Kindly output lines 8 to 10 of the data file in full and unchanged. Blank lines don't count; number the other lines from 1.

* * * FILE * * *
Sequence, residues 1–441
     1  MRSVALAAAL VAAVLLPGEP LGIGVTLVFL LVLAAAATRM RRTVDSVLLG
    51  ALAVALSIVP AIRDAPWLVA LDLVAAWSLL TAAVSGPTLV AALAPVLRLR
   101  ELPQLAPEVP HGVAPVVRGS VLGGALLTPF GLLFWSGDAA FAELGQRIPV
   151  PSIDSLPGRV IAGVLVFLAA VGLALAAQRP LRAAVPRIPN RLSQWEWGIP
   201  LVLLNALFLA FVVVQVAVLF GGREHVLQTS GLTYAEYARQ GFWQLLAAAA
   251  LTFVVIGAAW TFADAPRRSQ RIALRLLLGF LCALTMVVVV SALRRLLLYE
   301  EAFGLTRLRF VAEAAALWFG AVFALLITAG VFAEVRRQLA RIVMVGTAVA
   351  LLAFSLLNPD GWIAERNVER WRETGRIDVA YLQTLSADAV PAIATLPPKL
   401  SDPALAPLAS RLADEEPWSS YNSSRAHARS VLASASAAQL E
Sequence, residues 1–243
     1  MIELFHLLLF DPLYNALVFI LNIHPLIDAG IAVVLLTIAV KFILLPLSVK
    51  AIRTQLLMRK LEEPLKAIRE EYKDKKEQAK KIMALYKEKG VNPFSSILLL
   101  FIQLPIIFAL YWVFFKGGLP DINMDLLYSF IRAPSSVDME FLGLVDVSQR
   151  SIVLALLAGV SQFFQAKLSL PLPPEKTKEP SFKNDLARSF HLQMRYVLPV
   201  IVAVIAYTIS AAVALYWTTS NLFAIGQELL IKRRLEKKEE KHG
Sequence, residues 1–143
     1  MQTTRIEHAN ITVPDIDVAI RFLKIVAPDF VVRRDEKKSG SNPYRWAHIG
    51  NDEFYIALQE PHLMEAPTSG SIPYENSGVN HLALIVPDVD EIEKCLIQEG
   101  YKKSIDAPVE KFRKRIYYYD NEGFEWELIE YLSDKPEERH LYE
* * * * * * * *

   301  EAFGLTRLRF VAEAAALWFG AVFALLITAG VFAEVRRQLA RIVMVGTAVA
   351  LLAFSLLNPD GWIAERNVER WRETGRIDVA YLQTLSADAV PAIATLPPKL
   401  SDPALAPLAS RLADEEPWSS YNSSRAHARS VLASASAAQL E